The Newfoundland Regiment was
the only North American military unit
to fight in Britain and France’s costly
Gallipoli Campaign in the twilight
of the Ottoman Empire
Not long after landing in Gallipoli in September 1915, the Newfoundland Regiment found itself stalled in trench warfare, constantly harassed by sniper fire.
In particular, Major T.M. Drew, the acting commanding officer, had noticed a Turkish sniper firing from a small knoll midway between the opposing trenches. The enemy took his spot at dusk and waited for night to pick his targets, then left before daylight. Drew gave an order to rid the regiment of this menace.
Lieutenant J.J. Donnelly was detailed to lead six men and a non-commissioned officer to an abandoned post hidden from enemy view in the afternoon of Nov. 4. This time it was the Newfoundlanders’ turn to wait.
As daylight faded, not one, but three Turkish snipers started to make their way to their position. As they were challenged by the Newfoundlanders, a firefight broke out and two snipers were killed. The third returned fire and wounded one of the Newfoundlanders.
A second patrol led by Lieut. H.H.A. Ross went to reinforce Donnelly but stumbled on a Turkish patrol attempting to encircle Donnelly’s group in the dark. A second firefight erupted. Private James Ellsworth was killed, while Ross and others received slight wounds before forcing the enemy’s retreat. By daylight, the Newfoundlanders’ position was reinforced and christened Caribou Hill after the emblem on the regiment’s badge.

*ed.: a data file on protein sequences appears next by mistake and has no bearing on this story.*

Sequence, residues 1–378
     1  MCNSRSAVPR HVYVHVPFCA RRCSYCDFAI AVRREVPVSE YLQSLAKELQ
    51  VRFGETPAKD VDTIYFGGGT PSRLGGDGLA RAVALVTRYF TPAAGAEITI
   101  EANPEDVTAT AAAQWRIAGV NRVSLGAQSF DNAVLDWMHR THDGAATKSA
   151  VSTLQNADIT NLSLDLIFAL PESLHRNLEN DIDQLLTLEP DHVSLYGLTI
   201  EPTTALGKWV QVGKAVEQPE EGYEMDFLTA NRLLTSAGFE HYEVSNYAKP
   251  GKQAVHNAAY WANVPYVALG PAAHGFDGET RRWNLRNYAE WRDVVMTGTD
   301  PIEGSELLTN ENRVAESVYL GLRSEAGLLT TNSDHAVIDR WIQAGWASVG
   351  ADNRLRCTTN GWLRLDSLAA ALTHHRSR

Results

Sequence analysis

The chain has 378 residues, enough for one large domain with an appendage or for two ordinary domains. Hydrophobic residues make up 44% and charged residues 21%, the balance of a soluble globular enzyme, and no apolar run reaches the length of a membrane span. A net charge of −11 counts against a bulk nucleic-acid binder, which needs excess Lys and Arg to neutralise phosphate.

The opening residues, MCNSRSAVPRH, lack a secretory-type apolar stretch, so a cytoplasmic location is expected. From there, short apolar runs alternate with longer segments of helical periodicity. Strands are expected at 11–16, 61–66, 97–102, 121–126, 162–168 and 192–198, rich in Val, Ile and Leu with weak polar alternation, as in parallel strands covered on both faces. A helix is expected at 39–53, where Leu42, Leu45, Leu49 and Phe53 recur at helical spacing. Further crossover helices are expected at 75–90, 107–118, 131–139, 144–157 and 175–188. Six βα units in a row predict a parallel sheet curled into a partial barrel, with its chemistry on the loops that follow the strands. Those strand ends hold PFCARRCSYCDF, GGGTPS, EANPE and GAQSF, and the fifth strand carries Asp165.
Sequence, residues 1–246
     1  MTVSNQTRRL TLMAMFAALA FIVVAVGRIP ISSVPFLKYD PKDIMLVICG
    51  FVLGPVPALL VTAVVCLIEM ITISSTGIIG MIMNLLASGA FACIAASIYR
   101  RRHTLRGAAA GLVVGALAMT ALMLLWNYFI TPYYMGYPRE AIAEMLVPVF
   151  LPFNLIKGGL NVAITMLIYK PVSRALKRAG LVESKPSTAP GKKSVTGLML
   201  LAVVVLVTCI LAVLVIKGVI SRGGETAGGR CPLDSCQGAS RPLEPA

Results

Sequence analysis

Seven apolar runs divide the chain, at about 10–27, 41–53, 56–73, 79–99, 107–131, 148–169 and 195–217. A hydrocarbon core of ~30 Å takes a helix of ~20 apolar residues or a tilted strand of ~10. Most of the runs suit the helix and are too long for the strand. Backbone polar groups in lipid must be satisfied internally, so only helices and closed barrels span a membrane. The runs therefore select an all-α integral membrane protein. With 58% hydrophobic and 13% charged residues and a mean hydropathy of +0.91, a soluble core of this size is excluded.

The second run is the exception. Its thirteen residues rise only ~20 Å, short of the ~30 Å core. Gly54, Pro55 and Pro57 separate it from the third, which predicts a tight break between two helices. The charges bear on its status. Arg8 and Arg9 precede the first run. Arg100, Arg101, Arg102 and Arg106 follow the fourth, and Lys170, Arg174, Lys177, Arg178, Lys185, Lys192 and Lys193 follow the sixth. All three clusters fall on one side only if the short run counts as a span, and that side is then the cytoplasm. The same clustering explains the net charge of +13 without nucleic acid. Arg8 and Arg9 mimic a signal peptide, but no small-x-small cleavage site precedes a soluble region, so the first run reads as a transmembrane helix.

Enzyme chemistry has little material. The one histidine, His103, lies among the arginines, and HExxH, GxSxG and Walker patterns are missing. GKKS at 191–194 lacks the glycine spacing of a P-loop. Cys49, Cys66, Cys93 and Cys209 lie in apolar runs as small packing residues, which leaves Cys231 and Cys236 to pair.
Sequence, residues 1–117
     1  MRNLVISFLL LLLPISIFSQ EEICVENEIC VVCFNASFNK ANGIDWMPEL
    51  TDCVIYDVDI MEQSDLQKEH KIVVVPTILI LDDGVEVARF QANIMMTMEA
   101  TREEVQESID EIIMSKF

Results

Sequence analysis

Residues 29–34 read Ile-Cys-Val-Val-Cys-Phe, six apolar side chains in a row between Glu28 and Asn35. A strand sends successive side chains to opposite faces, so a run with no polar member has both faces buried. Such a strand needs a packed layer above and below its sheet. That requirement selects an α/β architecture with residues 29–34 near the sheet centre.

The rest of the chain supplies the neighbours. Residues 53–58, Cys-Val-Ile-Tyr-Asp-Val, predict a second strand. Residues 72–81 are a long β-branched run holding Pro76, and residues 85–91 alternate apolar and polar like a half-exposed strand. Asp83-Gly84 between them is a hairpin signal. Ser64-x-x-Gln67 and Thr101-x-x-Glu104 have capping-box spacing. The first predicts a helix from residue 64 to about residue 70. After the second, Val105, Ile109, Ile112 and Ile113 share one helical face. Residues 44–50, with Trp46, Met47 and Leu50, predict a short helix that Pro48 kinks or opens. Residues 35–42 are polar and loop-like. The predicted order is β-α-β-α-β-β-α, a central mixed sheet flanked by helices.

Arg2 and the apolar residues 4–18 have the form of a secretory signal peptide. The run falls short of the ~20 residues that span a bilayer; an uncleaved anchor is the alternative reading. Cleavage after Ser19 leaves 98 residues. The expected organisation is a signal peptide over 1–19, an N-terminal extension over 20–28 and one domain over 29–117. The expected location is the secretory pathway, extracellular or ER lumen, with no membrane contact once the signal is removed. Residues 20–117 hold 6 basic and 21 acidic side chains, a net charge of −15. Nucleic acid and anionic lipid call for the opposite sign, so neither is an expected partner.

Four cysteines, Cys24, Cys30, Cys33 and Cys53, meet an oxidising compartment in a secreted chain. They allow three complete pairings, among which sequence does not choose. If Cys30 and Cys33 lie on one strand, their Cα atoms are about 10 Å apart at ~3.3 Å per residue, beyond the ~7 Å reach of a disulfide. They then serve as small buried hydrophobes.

Before the end of the year, Donnelly received the Military Cross and two others received the Distinguished Conduct Medal for their actions that night.
Finding Caribou Hill
“For a long time, historians thought that the original Caribou Hill was inaccessible,” historian Frank Gogos told a delegation from Newfoundland visiting Turkey in September. “The regiment left Gallipoli and no markers remained to say where it was.”
But Gogos has been working with old maps, handwritten notes and archives. With the help of a topographer at Memorial University in St. John’s, he determined that one of the roads in today’s Gallipoli Peninsula Historical National Park intersects with the hill.
Gogos guided the bus carrying the delegation and another with members of today’s Royal Newfoundland Regiment to the spot he had pinpointed. The group began its own exploration of the area, finding the remains of a small building. One of the soldiers discovered a rifle shell casing among the dirt and weeds.
“It could have been a .303 shell or a [Turkish] Mauser 7×57-mm round. There is only one millimetre separating them,” said Gogos. The spot may or may not have been the site of the heroic actions 100 years earlier, but Gogos is confident he has evidence to prove it is.